# 1-What is in the back seat of your car right now? My gym stuff, a bit of homemade cheese that I forgot to bring in to work with me, and my ice scraper.
# 2- When was the last time you threw up? About 3 years ago I got some kind of food poisoning. I remember it was summer because the windows were all open. I spent most of the night in the bathroom.
# 3-What’s your favorite curse word? The F bomb.
# 4-Name 3 people who made you smile today? It’s 6:45 AM. I haven’t even seen 3 people yet today.
# 5-What were you doing at 8 a.m. this morning? It’s before 8. Yesterday morning I was preparing a report for the USDA.
# 6-What were you doing 30 minutes ago? Commuting to work,
# 7-Where were you born? Wareham, MA
# 8-Have you ever been to a strip club? Nope.
# 9-What is the last thing you said aloud? Goodnight, dear.
# 10-What is the best ice cream flavor? Homemade raspberry.
# 11-What was the last thing you had to drink?. Earl Grey tea
# 12-What are you wearing right now? Khakis, a yellow Oxford shirt and a brown tweed jacket.
# 13-What was the last thing you ate? High fiber breakfast cereal.
# 14-Have you bought any new clothes this week? No
# 15-Where were you last? In my car.
# 16-What’s the last sporting event you watched? On TV, the final game of the 2007 World Series.
# 17-Who won? The Red Sox. Yay.
# 18-Who is the last person you sent a comment/message while blogging? Rodger at Rodger Dodger.
# 19-Ever go camping? Many times. I have blogged about it.
# 20-Where do you live? Northeast IL.
# 21-What song are you listening to? Nothing at the moment
# 22-Do you tan? Yes.
# 23-Do you drink your soda from a straw? Yes if it’s in a glass, no if it’s in a can.
# 24-What did your last text message say? I’ve never sent a text message.
# 25-Who are your best friends? Rick and Mel.
# 26-What are you doing tomorrow? Helping a new employee ease into her first day of work here.
# 27-Where is your mom right now? Pleasant Street Cemetery in Massachusetts.
# 28-Look to your right, what do you see? Plants of the Chicago Region by Swink and Wilhelm.
# 29-What color is your watch? Silver. Real cheapo Timex digital.
# 30-What do you think of when you think of where you live? The Fox River
# 31-Ever ridden on a roller coaster? Yes. I love them but don’t go often.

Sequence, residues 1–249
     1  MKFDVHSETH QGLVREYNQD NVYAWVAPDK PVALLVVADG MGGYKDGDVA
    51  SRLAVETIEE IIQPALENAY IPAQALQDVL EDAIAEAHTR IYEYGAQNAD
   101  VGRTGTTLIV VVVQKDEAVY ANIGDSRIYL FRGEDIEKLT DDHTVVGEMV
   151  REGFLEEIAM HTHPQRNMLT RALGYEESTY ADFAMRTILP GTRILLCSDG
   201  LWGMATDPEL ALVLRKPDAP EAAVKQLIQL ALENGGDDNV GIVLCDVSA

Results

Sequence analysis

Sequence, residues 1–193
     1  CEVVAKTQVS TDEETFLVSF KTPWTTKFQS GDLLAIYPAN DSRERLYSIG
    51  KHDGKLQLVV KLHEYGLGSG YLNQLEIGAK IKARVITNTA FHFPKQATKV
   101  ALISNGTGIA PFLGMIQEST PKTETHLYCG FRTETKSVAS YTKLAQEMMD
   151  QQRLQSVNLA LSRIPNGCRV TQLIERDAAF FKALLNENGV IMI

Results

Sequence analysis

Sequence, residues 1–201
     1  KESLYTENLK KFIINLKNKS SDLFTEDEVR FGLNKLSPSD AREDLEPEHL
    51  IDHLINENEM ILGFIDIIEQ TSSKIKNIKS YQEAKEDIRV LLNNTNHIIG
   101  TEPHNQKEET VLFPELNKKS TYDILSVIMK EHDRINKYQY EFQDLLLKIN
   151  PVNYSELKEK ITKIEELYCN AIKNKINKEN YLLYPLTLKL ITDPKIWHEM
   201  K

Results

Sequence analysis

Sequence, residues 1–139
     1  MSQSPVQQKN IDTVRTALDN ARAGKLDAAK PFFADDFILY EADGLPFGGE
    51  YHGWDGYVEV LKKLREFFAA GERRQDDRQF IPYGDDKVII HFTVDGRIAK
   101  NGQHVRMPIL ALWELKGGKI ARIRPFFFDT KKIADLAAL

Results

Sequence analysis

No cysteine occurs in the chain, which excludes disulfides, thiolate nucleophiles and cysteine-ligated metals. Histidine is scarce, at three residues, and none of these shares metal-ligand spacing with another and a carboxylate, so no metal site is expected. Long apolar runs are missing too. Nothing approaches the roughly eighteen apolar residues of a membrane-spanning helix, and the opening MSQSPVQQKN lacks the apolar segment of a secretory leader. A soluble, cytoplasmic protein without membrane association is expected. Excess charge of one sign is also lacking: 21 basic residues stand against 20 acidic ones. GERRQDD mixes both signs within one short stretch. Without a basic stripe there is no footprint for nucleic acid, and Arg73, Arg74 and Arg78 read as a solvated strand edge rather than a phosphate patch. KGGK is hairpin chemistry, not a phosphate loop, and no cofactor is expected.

# 32-What is your birthstone? Topaz.
# 33-Do you go in at a fast-food place or just hit the drive through? Both. I eat more fast food than I should.
# 34-What is your favorite number? 1024. It’s 2^10.
# 35-Do you have a dog? I have 2 cats.
# 36-Last person you talked to on the phone? UrSpo and Someone.
# 36-Have you met anyone famous? Harold Edgerton, Liza Minelli, Richard Daley, Richard Durban, Rahm Emmanuel, Jane Goodall, Paul Erlich, Tomas Cech (Nobel laureate)..
# 37-Any plans today? Work on Monarch statistics.
# 38-How many states have you lived in? Massachusetts, Maine, Illinois.
# 39-Ever go to college? Colby College (BA), Northwestern University (Ph.D.)
# 40-Where are you right now? At work.
# 42-Biggest annoyance in your life right now? Winter.
# 43-Are you struggling to forgive someone right now? No.
# 44-Are you allergic to anything? Bee stings, codeine, crustaceans. I find it ironic that 2 of my allergies are to arthropods.
# 45-Favorite pair of shoes? Shoes- meh.


Monday, January 07, 2008

Cookie Day 2008

Last year I blogged about Cookie Day. It's a big workday at Bluff Spring Fen. The occasion is the opportunity to get rid of the end of all of your Christmas cookies- but it's really an excuse to get a very large group of volunteers together to do some major brush and tree clearing. This year, I left my camera at home, but I did get some great before and after pictures.

Just for grins, we'll start with the picture taken just before last year's Cookie Day. We kept working in the same area- so this year's "before" picture is last year's "after" picture.

December 29, 2008- 1 week before the workday

Jan 6, 1 day after the workday. We are doing final cleanup and spreading a whole bunch of prairie seeds here. The snow endured until Cookie Day and disappeared in about 24 hours.

Some years ago, I actually had some Jan Hagels make it from Christmas until Cookie Day. They were a big hit. The next year, it was pointed out (repeatedly) that I had NOT brought them. Now I have to make a batch every year just for Cookie Day (which alsays seems to me like it's defeating part of the purpose. But I digress). Lemuel will vouch for their popularity.

Jan Hagels are actually easy to make

1 c butter (2 sticks)
1 c sugar
1 egg, separated
1 tsp almond extract
2 c all purpose flour
1/2 c sliced almonds
1 tblsp sugar mixed with 1/4 tsp cinnamon

1. Cream butter and sugar. Stir in egg yolk and almond extract.

2. Stir in flour.

3. Turn dough into a 15 x 10 x 1 cookie sheet. Spread evenly to the edges with a spatula.

4. Beat egg white until foamy. Use a pastry brush to spread evenly across suface of dough. Scatter the sliced almonds evenly across dough.

5. Sprinkle sugar cinnamon mixture over dough. Bake 20 minutes (or until golden brown) at 350°. Cool cookies 10 minutes in pan. Cut into 8 lengthwise strips and make 12 diagonal cuts.

Hungry yet?